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Do you advertise your prices/rates?

Discussion in 'General Business Forum:' started by Greg, Jan 24, 2009.

  1. Greg

    Greg Active Member

    Hi everyone,

    I'm currently undergoing a complete overhaul of my own logo and website, and with my new website copy and structure I'm having trouble on deciding whether or not to include some ideas on my pricing/rates?

    Clearly there's advantages and disadvantages to including them...

    • Positives being upfront/open approach allowing potential clients to see if I fit with their budgets and expectations, so the majority of enquires I receive will be from clients who know what to expect from quotes, fewer time wasters?

    • Negatives being publicly promoting my rates and guideline prices is obviously not a great thing in terms of competition being able to see them, and the other negative I considered was clients getting the wrong impression - the guide prices and explanation would need to be 100% accurate.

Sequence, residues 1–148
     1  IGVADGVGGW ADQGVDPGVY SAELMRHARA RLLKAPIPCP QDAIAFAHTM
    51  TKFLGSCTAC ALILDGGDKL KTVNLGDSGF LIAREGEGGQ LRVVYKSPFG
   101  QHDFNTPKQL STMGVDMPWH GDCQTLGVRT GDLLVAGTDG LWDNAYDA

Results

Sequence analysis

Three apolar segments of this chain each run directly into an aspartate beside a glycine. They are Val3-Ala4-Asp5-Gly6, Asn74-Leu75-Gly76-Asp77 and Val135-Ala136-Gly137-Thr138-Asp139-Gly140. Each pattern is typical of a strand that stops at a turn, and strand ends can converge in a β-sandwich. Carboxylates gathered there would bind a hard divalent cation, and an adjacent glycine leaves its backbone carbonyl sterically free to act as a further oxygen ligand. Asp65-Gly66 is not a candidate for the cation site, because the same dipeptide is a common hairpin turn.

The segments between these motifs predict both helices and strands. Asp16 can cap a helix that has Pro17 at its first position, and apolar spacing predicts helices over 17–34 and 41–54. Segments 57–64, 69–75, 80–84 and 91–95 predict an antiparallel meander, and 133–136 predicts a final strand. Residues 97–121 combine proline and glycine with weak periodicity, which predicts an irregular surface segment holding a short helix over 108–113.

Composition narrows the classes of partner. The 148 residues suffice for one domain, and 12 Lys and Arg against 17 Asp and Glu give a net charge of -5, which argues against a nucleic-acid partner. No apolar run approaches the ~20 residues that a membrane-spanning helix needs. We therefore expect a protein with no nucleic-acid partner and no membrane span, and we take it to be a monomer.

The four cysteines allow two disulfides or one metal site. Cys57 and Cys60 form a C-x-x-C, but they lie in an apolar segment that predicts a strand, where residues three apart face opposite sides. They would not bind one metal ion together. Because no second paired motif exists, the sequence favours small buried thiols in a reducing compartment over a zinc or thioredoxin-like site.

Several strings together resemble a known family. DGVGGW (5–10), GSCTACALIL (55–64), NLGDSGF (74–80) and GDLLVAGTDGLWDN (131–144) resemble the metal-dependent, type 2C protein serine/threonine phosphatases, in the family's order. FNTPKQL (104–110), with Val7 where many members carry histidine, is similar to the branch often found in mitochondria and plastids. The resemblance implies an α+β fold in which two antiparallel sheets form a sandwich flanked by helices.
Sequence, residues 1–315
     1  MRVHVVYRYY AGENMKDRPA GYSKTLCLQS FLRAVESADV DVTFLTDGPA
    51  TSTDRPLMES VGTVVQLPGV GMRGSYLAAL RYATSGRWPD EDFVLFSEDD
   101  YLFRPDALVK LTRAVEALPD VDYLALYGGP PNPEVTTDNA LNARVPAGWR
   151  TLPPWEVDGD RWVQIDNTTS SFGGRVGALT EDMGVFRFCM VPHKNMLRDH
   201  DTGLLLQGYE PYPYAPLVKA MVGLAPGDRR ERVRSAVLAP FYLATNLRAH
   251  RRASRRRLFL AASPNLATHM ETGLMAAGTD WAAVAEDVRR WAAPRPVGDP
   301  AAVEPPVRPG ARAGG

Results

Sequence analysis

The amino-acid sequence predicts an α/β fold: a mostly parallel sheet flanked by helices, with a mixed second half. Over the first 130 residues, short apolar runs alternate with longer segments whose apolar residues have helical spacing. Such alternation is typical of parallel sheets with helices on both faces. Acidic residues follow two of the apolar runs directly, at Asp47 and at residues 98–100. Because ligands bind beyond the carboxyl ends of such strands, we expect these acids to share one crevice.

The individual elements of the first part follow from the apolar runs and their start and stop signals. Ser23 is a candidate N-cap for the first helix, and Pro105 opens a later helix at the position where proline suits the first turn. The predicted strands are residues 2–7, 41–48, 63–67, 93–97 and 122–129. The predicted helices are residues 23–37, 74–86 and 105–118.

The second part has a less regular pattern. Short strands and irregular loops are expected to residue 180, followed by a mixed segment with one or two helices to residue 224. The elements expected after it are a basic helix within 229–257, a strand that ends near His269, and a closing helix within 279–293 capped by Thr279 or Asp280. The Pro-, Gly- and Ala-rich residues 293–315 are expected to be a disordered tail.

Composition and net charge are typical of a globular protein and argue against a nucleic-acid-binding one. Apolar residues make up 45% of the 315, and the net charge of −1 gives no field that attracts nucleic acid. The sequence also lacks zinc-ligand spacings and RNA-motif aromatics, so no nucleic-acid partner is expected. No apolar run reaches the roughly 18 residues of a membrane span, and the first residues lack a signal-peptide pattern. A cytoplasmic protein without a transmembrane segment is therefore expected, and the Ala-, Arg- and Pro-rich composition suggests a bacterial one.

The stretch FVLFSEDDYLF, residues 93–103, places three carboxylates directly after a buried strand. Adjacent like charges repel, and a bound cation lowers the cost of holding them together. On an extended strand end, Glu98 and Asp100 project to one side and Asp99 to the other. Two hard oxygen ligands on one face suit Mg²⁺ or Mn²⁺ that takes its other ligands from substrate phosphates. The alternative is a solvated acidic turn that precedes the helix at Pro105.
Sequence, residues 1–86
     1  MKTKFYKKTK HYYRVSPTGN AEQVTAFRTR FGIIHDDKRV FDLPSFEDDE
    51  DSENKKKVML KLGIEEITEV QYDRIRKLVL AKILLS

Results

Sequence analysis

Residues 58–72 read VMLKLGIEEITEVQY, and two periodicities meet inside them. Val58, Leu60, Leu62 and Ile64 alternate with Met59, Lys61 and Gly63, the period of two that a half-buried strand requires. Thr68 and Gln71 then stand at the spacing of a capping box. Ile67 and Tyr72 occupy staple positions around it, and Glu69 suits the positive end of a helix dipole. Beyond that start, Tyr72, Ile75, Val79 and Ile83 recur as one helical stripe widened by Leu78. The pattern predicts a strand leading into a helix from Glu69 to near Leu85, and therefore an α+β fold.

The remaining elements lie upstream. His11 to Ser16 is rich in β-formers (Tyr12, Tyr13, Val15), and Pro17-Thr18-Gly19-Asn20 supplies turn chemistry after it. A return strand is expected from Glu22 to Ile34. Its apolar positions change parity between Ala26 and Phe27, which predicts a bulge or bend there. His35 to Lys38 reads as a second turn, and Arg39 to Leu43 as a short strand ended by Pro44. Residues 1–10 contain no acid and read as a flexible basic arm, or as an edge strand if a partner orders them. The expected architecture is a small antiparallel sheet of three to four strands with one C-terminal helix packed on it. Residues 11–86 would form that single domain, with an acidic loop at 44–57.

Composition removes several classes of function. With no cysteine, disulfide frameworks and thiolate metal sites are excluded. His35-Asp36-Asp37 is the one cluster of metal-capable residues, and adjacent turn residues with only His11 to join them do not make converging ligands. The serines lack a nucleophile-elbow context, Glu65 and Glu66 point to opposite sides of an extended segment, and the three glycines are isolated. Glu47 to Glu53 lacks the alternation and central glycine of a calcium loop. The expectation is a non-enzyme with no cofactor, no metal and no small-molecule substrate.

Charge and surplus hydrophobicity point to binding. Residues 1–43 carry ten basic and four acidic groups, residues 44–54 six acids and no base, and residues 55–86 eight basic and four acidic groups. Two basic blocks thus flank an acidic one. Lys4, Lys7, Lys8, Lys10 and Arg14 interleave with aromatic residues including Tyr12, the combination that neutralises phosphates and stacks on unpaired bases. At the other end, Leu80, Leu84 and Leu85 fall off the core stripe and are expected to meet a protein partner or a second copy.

So, putting it out there for discussion, do you advertise your rates or guideline prices? or do you keep your cards close to your chest? Does it differ for freelancers and agencies? Is it impossible to give guideline or from.. prices given the varying nature and specific requirements of each individual project?

    Interested to hear your views :)
    Thanks, Greg
  2. tim

    tim Senior Member

    I don't show anyone prices unless they specifically require them in an e-mail or via contact form...

    For three reasons:

    1. If I advertise a product at a certain price, I'm held to that legally, which provides no flexibility if the prices need to go up for one project in particular.

    2. If I advertised a project quote too high, to compensate for my first point, some people would just forget me immediately, because I'm way out of their budget.

    3. I like seeing if I get interest from website visitors, as it shows that my designs are good. It also may give them the idea that I'm trustworthy or reliable or whatever, which will mean they're more likely to go to me for a job.\